Opposite the helm station is a U-shape settee with a dining table in the center. May seem like nothing notable there, but not so fast...both the settee and the table have a twist. The forward portion of the settee is actually a pair of swivel chairs that can be raised up and turned to face forward (as a double companion seat, opposite the helm) or lowered and turned aft, toward the dinette and other guests seated in the cockpit. Pretty slick trick. And the dinette is not the usual “removable” kind that begs the question of “where to stow a 27”x54” dining table.” Instead, two leaves fold inward, reducing the tabletop to a 27-inch square, and then (here’s the tricky part) the whole thing lowers hydraulically into a recess in the cockpit sole, out of sight and out of the way.
Aft of the settee is a sunpad that should accommodate three adults (with room for three more on the foredeck sunpad). But beneath the aft sunpad, there’s a 4’x7’ hatch that lifts to reveal a two-foot-deep stowage locker for fenders, lines, and other things you want close at hand. As if that weren’t enough, beneath the aft portion of the sunpad, a hatch opens into a 4’x8’6” space nearly six feet deep that could serve as stowage space, a dive locker, or even as crew quarters.
Below deck, the Pershing 50’s accommodation spaces are an exquisite testament to Italian styling and craftsmanship. Supple fabrics and richly lacquered wood surfaces are visual delights, while the curved bulkheads and partitions in the saloon belie the sense that one is indeed inside a floating vessel. Folding sections of wood countertop hide the two-burner Bosch cooktop and a deep stainless steel sink. But a two-inch rim along the edge of the countertop, and built-in racks for cups and plates show that her builders have not forgotten she is a boat capable of coping with sea conditions such as we had just experienced.
I finished my walk-through of the yacht’s interior just about the time we arrived in North Miami, to start our high-speed test measurements. With the 50 at full throttle, my radar gun recorded an impressive two-way average speed of 50 mph, with the twin 800-hp MAN diesels spun up to their rated 2300 rpm and the Arneson surface drives trimmed up for maximum speed. But I have to admit, that acceleration from a standing start was, to put it mildly, on the leisurely side up to about 1800 rpm. At that point, the props seem to get a bite, the rooster tail flies, and the yacht comes nicely up to her top speed. I did notice one slight quirk, however: Above 35 mph, with the Arneson drives trimmed up, steering and control seemed a bit skittish. Datson assured me that this was because we were running at high speed in the relatively shallow waters of the Intracoastal, and that in deeper water tracking was stable and predictable.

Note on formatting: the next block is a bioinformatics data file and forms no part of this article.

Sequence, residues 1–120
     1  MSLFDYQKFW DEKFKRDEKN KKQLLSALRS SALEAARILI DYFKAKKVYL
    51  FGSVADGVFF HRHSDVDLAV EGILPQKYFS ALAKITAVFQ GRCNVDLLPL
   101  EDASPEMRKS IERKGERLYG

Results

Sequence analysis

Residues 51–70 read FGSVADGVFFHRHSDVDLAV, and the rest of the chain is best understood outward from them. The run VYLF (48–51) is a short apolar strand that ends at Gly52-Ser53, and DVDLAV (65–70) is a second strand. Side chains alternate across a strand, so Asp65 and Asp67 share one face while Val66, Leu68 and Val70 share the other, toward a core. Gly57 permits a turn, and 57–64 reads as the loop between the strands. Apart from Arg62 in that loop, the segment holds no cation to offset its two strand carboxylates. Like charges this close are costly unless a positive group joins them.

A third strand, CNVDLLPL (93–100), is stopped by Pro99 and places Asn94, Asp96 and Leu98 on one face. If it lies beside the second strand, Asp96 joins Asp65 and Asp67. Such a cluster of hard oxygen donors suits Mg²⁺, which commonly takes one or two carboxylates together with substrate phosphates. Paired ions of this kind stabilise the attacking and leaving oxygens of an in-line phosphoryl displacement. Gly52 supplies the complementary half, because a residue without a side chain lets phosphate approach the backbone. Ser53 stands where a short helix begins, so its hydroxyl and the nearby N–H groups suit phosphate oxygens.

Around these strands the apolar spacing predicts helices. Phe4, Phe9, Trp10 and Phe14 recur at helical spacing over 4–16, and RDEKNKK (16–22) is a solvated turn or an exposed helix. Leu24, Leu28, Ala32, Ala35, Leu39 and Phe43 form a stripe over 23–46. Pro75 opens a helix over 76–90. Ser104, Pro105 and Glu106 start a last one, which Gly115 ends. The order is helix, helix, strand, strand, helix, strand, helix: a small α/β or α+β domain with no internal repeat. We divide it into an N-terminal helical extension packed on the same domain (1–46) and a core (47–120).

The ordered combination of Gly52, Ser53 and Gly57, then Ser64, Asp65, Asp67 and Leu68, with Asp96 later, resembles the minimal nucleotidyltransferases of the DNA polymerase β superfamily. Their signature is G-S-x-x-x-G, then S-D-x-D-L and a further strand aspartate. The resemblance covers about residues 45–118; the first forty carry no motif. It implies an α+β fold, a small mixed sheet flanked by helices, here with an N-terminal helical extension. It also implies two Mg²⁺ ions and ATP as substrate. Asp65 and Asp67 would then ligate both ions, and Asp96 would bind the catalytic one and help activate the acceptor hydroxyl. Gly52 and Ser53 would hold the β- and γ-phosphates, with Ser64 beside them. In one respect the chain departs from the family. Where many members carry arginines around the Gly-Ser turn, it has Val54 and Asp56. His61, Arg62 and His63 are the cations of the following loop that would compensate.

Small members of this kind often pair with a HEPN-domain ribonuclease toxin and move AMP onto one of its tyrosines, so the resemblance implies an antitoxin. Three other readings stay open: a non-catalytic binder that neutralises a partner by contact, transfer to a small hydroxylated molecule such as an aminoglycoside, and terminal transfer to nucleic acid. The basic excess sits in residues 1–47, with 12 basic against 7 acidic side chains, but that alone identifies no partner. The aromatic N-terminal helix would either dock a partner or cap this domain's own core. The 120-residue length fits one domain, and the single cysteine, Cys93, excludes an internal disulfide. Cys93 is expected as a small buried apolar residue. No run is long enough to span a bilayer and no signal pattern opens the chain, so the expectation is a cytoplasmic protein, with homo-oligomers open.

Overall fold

Sea conditions offshore still precluded a high-speed sprint in deep water to settle the question. Next time I’m planning a boat test, I’ll be more careful what I wish for. Maybe I’ll just wish for a boat as nice as the Pershing 50.
10-kW Kohler genset w/hushbox, 32,000-Btu Cruisair reverse-cycle A/C, 10-hp bow thruster, radar arch, hardtop w/retractable sunroof, swim platform, passarelle, cockpit wet bar w/ice maker, retractable swim ladder, hydraulic copilot/dinette seat in cockpit, GPS/plotter, VHF, autopilot
teak cockpit and swim platform, silver hull paint, upgraded electronics and audio/video package, satellite TV and telephone, canvas package/cockpit cover, windshield and side window covers
Test Boat Specifications
- Test Engine: 2/800-hp MAN D2848 LE403 diesels w/Arneson surface drives
- Transmission/Ratio: TwinDisc/1.75:1
- Props: S.B.M. 30.7x44.9 5-blade Nibral
- Price as Tested: Upon request
This article originally appeared in the June 2004 issue of Power & Motoryacht magazine.